When Dad is at the domino table, regardless of whether or not he's winning, that's when he is at his best. He knows this game well, he feels confident, and he plays to win. Always! When Dad is on a roll during a game, his mood is one of contentment and quiet happiness. The years fall away from his face, that confused "where am I?" expression vanishes, he sometimes chuckles and makes jokes. He feels competent, and having dementia doesn't hold him back at this game - most of the time. That's when I feel about 8 years old and my father seems to be only 38, strong, healthy, and in his prime.

So one evening as we were playing and chatting, Dad got into that Zone where he feels content and secure. As he laid another domino on the board, he remarked, "I don't know where we are, or how we got together here, but I sure am glad we did." His voice was warm and happy, he was smiling.

What he said expressed a lot to me. "I think The Man Upstairs* had a lot to do with it," I replied.

"I think you've got that right," he answered, then said, "Gimme 10."

*the Man Upstairs is how Dad refers to God

Sunday, January 5, 2014

Road Man: Going For A Ride With Dad

Dad goes for a ride.
Photo by Pam Stephan
Dad knows roads. His working life was full of surveying, building, designing, and traveling down roads and highways. He went to college after World War II on the G.I. bill, determined to become a civil engineer, a dream he was able to realize.

My father worked for the Texas Highway Department for 25 years. He worked his way up the hierarchy and before I got to high school, he was leading a design team.

Once in a while, my mother would drop me off at Dad's office. He would take me back to a room full of men bending over drafting tables, working on huge sheets of paper. Rolls of plans stood in a box or lolled, lying half open, on top of drafting tools. A monstrous mechanical calculator that made a sound like a hail of metal stood brooding in a corner. Drafting lamps angled askew when they were not in use. T-squares, as long as I was tall, rested across the mighty tables upon which penciled lines were shaped, later to become interstate highways rising into the air.

On Sunday afternoons, my father would often say, "Let's go for a ride!" My parents, my little sister, and me would slide onto the big green seats of the 1955 Oldsmobile, roll down the windows, and get comfortable. We knew what Dad really meant by his invitation. So we'd sit back and get settled while Dad would drive. He never used a map - all the roads he worked on were in his head. We would wind up at a road construction site out in the country, a road that he had helped design, so he could do a visual check on the progress. Mom might pack a picnic in a green wicker basket, so while Dad strolled around the work site we would have a snack. After he had toured the site, he might drive us  to other notable places such as Prairie Dog Town (back then, it was just a farmer's field full of these critters) or the zoo (it was free) or the Trinity Park Duck Pond (bring your own bread scraps).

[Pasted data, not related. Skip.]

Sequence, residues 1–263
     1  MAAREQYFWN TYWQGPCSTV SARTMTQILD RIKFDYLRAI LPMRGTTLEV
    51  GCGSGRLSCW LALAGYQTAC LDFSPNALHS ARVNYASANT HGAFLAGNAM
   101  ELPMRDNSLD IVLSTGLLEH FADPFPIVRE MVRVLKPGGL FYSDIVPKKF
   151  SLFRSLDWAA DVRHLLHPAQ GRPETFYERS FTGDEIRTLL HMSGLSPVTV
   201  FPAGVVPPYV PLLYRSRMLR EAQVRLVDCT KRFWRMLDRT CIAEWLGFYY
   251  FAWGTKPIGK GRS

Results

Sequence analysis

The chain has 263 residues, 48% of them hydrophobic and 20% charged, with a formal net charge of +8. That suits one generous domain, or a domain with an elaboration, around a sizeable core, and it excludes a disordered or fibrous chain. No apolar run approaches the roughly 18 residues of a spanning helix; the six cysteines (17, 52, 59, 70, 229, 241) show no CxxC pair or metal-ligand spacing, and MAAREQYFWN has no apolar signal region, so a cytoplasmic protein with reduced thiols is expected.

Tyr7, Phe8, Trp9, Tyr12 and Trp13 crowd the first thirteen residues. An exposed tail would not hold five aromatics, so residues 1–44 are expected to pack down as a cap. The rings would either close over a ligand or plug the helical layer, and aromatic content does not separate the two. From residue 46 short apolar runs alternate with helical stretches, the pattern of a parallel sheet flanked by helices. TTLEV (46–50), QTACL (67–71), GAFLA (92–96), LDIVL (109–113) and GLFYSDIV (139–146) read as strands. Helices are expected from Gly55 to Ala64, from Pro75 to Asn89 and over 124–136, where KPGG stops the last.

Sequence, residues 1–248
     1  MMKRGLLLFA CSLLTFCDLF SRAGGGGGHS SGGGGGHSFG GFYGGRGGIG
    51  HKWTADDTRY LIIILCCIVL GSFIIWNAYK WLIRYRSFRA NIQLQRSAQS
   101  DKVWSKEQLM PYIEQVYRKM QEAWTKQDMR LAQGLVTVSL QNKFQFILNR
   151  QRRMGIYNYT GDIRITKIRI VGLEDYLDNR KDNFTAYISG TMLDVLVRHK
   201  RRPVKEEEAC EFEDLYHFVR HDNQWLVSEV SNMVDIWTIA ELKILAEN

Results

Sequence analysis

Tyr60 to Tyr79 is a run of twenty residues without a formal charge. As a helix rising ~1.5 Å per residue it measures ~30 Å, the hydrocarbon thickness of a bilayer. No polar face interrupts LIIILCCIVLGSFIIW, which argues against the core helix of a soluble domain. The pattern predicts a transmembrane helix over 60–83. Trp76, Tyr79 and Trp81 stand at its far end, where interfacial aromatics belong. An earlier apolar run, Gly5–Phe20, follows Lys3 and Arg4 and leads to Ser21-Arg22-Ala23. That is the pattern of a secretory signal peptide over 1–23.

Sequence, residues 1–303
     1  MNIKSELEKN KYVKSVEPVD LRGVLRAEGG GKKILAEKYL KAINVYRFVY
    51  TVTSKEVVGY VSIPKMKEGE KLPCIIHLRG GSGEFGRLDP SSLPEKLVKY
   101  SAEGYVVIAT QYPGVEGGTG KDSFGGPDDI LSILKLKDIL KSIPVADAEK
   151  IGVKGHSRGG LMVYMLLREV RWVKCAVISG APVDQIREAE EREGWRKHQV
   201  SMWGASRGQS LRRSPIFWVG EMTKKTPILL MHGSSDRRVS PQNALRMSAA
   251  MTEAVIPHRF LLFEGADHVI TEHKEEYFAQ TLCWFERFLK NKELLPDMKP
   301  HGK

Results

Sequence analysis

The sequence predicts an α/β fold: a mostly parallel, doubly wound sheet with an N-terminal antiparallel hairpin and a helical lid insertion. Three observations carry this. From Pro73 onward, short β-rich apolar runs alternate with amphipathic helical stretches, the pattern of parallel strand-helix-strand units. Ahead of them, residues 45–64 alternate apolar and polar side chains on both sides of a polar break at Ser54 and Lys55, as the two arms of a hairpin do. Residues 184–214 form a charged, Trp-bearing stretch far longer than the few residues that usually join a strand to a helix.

In November, when pecan trees were loaded with ripening nuts, he would drive us along a country road and find a tree on the easement. He kept a rope in the trunk, along with a brick. The brick provided a weight that he used to sling that rope over a branch, which he then shook, causing a rain of pecans. Down on our knees, we would pick the brown beauties and collect them in a brown paper bag. Back home, we would be put to work shelling those beauties and later we had them in pie. 

These days, Dad rides while I drive him around. If he is having the blues or feels frustrated or bored, going for a ride usually helps him. Sometimes we will actually do an errand or take the dogs for a walk in the nearby park. If pecans are in season, you can be sure we will pick up some. He loves going on long drives and will ask, once in a while, if I need a break from driving. I've never taken him up on his offer to drive. Once we are in the car and on the road, he likes to comment on the weather, the state of the road, the number of overpasses, other vehicles along the way. I might come up with a story for him from our drives when I was a child - these he always enjoys. The highway drives are his favorite. He relaxes to the sound of the road, the wheels going, rain or wind, swing music or classical tunes on the radio. If the drive is really long, he's been known to take a nap. 

When Dad and go for a ride, I know that I have precious cargo on board. His safety, his happiness, and his intact memories of road trips are riding along with us. He - not my mother - taught me to drive and this is one way we can be together. Dementia has kept my father from driving for some years now, but in his heart he is always the road man, with all the maps in his head.